1. Home
  2. Africa
  3. Southern Africa
  4. South Africa

Government in Global AIDS Fund grant dispute

[South Africa] Hlabisa rural community KZN
Unclear if funds will reach intended beneficiaries in KZN (IRIN)

The South African government is allegedly trying to block a grant awarded by the Global Fund to fight AIDS, Tuberculosis and Malaria to the KwaZulu-Natal province, saying that the province should not have approached the fund directly.

With a 36 percent HIV prevalence rate, KwaZulu-Natal is South Africa's worst affected province, but government is reported to have said it was unfair for the province to have secured so much when other provinces lack the capacity to submit bids.

South African weekly magazine, the Financial Mail, reported that Health Minister Manto Tshabalala Msimang is now asking that the grant be routed through national government structures.

The Global Fund in April approved a US $72 million grant to the province, which would allow for a range of care-oriented services for people living with HIV/AIDS. But the award was highly unusual, as the Fund's guidelines say that priority would be given to country coordinating mechanisms (CCM), designated by national governments.

South Africa received US $165.2 million from the Fund, the largest allocation for any country. Of this, US $93 million will go to the CCM, the South African National AIDS Council (SANAC).

"KwaZulu-Natal went directly to the Global Fund because a CCM had not been constituted at the time, that's where this problem arose," the province's bid leader, Prof Umesh Lalloo, told PlusNews.

The designation of SANAC as the CCM happened at the last minute, and by this time, the province's bid had been submitted. "We would have liked to have used a national mechanism, but we were pressed for time," he added.

At the time, the government was embroiled in a controversy over the provision of nevirapine to all HIV positive pregnant women and there was uncertainty over whether they would apply for resources from the Fund.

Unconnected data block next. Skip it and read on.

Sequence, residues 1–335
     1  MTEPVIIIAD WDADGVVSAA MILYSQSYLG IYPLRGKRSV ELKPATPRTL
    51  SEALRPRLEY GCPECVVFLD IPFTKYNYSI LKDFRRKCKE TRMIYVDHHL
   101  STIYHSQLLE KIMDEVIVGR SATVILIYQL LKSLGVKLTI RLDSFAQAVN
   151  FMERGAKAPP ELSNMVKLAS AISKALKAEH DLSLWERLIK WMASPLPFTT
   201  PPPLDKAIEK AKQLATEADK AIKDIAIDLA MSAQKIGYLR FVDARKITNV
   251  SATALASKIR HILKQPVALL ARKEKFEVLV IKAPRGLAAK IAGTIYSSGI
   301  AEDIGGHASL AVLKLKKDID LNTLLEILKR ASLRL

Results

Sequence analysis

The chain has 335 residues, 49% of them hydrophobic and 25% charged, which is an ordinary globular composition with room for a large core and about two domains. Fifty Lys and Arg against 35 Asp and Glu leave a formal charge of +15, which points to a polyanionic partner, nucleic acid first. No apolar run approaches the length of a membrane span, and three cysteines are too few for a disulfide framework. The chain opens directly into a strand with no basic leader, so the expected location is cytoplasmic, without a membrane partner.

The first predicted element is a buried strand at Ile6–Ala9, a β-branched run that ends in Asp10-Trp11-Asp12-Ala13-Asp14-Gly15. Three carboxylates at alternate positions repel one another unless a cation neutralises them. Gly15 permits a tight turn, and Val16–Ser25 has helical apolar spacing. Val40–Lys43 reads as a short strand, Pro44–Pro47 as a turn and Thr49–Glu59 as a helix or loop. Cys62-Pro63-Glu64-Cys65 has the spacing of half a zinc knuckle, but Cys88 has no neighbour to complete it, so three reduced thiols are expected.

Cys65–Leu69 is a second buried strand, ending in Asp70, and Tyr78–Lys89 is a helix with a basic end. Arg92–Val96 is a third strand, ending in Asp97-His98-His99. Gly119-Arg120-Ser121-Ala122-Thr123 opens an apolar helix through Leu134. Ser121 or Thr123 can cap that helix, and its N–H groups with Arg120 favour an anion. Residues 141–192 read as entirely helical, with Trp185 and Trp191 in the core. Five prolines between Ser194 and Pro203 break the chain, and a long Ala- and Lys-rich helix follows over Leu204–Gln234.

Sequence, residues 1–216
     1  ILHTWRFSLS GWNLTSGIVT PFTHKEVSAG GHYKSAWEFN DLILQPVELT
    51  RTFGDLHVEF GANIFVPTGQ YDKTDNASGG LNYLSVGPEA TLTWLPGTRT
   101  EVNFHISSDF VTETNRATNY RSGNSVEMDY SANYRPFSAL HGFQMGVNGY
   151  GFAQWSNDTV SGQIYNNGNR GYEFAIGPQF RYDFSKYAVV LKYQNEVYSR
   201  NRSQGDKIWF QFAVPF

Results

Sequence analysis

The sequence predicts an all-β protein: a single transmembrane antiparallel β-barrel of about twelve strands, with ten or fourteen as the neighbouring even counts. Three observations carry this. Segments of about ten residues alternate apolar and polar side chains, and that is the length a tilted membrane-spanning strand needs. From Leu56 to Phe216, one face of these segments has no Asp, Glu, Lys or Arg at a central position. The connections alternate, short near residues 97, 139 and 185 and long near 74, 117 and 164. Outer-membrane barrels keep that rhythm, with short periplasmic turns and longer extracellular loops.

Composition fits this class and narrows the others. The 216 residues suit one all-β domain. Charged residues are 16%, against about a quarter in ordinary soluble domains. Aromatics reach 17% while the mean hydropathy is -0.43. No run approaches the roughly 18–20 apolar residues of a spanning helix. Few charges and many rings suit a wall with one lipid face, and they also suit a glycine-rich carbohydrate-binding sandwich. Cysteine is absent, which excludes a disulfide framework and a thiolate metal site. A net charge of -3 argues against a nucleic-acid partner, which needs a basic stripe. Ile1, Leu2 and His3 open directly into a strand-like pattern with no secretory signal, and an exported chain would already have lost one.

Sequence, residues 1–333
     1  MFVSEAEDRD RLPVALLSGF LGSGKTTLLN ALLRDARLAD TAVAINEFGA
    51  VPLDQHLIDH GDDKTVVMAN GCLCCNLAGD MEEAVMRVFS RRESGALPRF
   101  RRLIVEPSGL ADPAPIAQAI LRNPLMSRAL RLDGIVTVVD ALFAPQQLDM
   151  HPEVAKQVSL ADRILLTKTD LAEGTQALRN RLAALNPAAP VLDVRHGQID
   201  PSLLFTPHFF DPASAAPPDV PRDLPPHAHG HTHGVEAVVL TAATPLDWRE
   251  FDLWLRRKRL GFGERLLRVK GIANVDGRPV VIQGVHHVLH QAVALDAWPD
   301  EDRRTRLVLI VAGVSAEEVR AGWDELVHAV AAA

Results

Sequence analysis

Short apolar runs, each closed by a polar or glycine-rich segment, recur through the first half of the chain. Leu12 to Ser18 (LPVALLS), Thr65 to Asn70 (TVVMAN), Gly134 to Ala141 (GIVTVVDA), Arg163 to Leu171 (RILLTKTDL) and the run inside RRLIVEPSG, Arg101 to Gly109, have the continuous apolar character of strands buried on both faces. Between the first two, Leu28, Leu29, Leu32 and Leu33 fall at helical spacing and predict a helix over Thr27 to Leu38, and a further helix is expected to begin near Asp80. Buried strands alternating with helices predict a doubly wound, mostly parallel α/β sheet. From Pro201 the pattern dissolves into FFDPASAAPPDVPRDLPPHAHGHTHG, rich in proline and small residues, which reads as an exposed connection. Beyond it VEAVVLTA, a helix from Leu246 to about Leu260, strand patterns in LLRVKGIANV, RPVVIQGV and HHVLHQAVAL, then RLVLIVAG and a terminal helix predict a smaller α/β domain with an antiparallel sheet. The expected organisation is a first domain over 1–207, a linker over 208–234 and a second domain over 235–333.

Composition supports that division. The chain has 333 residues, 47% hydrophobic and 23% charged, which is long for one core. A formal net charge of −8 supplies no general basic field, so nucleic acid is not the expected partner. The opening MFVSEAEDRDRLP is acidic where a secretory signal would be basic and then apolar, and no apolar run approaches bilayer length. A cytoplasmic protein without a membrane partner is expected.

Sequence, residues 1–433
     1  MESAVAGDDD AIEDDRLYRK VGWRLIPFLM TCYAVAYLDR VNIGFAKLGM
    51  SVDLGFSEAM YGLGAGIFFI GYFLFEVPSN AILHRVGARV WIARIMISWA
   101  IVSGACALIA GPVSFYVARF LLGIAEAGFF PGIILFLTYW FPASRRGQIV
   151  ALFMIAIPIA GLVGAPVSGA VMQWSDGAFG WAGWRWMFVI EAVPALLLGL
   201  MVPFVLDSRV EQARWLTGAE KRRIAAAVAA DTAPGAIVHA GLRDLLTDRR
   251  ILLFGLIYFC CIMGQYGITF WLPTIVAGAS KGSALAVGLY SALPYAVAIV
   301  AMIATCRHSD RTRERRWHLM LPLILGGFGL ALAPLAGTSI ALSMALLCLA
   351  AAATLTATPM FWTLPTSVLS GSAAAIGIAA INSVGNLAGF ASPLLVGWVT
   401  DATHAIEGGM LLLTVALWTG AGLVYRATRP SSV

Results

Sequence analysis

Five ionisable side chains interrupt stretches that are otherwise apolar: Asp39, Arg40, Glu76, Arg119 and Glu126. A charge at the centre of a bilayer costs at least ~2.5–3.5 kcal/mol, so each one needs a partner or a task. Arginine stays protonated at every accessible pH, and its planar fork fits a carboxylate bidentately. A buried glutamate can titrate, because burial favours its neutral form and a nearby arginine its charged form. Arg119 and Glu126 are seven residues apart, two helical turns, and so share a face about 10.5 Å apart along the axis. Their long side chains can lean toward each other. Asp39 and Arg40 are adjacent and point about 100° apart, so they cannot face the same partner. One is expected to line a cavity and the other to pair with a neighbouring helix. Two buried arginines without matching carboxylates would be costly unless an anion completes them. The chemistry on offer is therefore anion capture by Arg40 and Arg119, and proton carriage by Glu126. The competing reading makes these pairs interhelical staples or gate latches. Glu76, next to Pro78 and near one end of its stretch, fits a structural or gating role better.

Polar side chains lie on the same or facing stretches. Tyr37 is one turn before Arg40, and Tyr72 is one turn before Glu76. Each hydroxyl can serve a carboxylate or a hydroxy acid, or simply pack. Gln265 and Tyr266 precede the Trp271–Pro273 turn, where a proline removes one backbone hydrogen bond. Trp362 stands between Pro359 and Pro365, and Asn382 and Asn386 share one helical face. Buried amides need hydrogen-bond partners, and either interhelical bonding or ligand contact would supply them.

The province was anxious to access the grant but was still in a "delicate stage" of discussions with the government and was reluctant to undermine any progress made, Lalloo said.

The government had a legitimate view, which needed to be taken into account and press reports attacking the government would hinder these negotiations, he warned.

"We respect their position and we want them to be involved in implementing this grant because we cannot tackle this epidemic in isolation," Lalloo said.

The government is yet to respond. Department of Health spokeswoman, Joanne Collinge, said: "The [health] minister will be issuing a statement on this matter, as soon as possible."

The dispute over the provincial grant was "the first big political test for the Global Fund" as representatives to the Fund were divided over whether proposals should be required to obtain the endorsement of national governments, Dr Mazuwa Banda, the Global Fund's coordinator for Africa, told the Boston Globe newspaper.

At the time the grants were awarded, the Global Fund board said the KwaZulu-Natal proposal was the most innovative they had seen. The Nelson R Mandela School of Medicine's Enhancing Care Initiative and HIV/AIDS Public Health Programme, a collaboration between the medical school and the provincial Department of Health, facilitated the application.

The success of the province's proposal has been attributed to the many public-private partnerships that were put forward.

Lalloo said: "Apart from the university, we had the Durban Chamber of Commerce, NGOs like the South Coast highway hospice, NAPWA [National Association of People living with HIV/AIDS], legal networks, various religious organisations as well as the provincial department of health."


This article was produced by IRIN News while it was part of the United Nations Office for the Coordination of Humanitarian Affairs. Please send queries on copyright or liability to the UN. For more information: https://shop.un.org/rights-permissions

Share this article
Join the discussion

Hundreds of thousands of readers trust The New Humanitarian each month for quality journalism that contributes to more effective, accountable, and inclusive ways to improve the lives of people affected by crises.

Our award-winning stories inform policymakers and humanitarians, demand accountability and transparency from those meant to help people in need, and provide a platform for conversation and discussion with and among affected and marginalised people.

We’re able to continue doing this thanks to the support of our donors and readers like you who believe in the power of independent journalism. These contributions help keep our journalism free and accessible to all.

Show your support as we build the future of news media by becoming a member of The New Humanitarian. 

Become a member of The New Humanitarian

Support our journalism and become more involved in our community. Help us deliver informative, accessible, independent journalism that you can trust and provides accountability to the millions of people affected by crises worldwide.

Join